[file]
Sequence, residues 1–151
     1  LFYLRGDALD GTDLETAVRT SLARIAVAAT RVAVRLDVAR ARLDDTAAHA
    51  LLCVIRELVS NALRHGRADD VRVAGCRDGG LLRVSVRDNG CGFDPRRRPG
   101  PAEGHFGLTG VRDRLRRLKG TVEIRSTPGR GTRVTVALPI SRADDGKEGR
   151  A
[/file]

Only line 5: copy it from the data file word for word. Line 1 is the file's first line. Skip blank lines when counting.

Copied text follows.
   151  A